The donor car


You are looking for a Rover Montego car or Estate between 1986-93, don't worry too much about high mileage examples. Estate cars might be a bit more pricey. The Mushroom brown cars have a very low value, 7 seater Estate cars have a price premium. There were some Austin Meastros fitted with the turbo diesel & I believe some vans. Latter vehicles had different injectors which limited performance a little and they had more exhaust emmissions controls, some also had power steering pumps. Unfortunately there isn't room to keep this in the Landy conversion. These engines can be good for several hundred thousand miles, provided they're been serviced properly, so don't be put off by high mileages. The mechanicals are very sound, the problem is the bodywork rots and it ends up as an MOT failure. You could just buy an engine and fit that. But a better plan would be to buy the whole car, as a non-runner for £50, better still get a car with some MOT & a bit of tax left, not least so you can drive it home - make sure you get all the paperwork. It might even be free if you can transport it away there & then! You will then know that the engine starts and runs properly. Such cars can be found for between £100 and £150, worth the extra for peace of mind (look in your local Free Ads paper). One problem is that as this Land Rover conversion becomes more popular the price of donor cars is rising. We are the victims of our own sucess! That said, be careful, some people have inflated ideas of what some of these engines/cars are worth. With a car you will also get several ancillary parts which will save you money & time. Things like battery, alternator, front seats, a radio maybe, column switch gear, steering wheel (it will fit a Series Landy, if that's what you want), exhaust system, fuel pipes, light bulbs, etc. etc. If any of the body panels are good they can be sold on, along with the gearbox and other bits of trim. There is an active Montego Owners club and there is a demand for good trim parts. Otherwise cut your losses and get a scrappy to take the remains away (you may have to pay a few pounds, but there are some free-to-shift outfits). Having got your car/engine remember to SORN it. The aparachiks in the government have instructed the DVLA to recover every penny they can from the motorist, so even if you only keep the car for a weekend - do it! and keep copies of the paper work so you can prove you've complied with the law.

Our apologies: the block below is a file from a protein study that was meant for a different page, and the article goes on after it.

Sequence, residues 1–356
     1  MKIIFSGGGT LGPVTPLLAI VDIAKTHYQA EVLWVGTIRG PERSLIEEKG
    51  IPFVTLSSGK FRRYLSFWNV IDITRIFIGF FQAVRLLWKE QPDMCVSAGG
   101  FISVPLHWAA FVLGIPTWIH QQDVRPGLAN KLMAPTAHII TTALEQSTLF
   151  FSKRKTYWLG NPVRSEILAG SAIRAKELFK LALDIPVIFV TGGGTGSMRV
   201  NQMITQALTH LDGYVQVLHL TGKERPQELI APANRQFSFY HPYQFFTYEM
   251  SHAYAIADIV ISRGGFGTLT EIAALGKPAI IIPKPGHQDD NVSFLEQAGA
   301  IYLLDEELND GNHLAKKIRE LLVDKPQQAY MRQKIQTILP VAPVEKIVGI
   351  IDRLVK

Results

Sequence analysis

Now would be a good time to get your Haynes manual. Please note that the Haynes manual does not have a diagram of the cooling pipe circuitry. Make notes & take pictures of the layout in the car before you start! Also there are some small discrepancies in the wiring diagram.

Removing the engine is straight forward, just remove all the obvious bits like the air filter box, the water expansion tank, washer bottle, battery etc. The engine mounting brackets are strange, the manual explains the procedure for dismantling. Take care with the wiring loom, keep as much of it as intact and connected to the engine as possible. You especially need the glow plug starting system with relays, this is all on a bracket which can be fastened to the LH side of the Landy bulkhead. There are also other bits such as fuel hose/clips and flexi wrap wiring conduit which will be useful when connecting things up later. The Montego had servo assisted brakes and a cam shaft vacuum pump is fitted on the RH side of the engine. This makes upgrading the Landy brakes a fairly simple task, not a bad idea and should please your insurance company.

The price of the car/emgine can be offset against the value of the Landy engine you are replacing. Even a very tired Landy engine is worth £50, more if it has an unleaded head and half decent ancillaries, dynamo/alternator, carb, exhaust system, distreibutor & coil etc. should all be worth about £100.

In addition to the car engine you will also need some parts off a 2.0 litre Sherpa van (from around 1990), flywheel with no obvious damage, clutch unit, starter motor, sump pan. I used the Montego sump pan, and not had any oil problems - yet! The Sherpa one has the baffles in the correct orientation for in-line mounting. This issue is one of oil pump starvation at extreeme off-road angles! Dudleigh Engineering may be able to help with some of these parts as they try to keep a small stock.

© Witts End Systems 2004 - All rights reserved

page updated 8th April 2004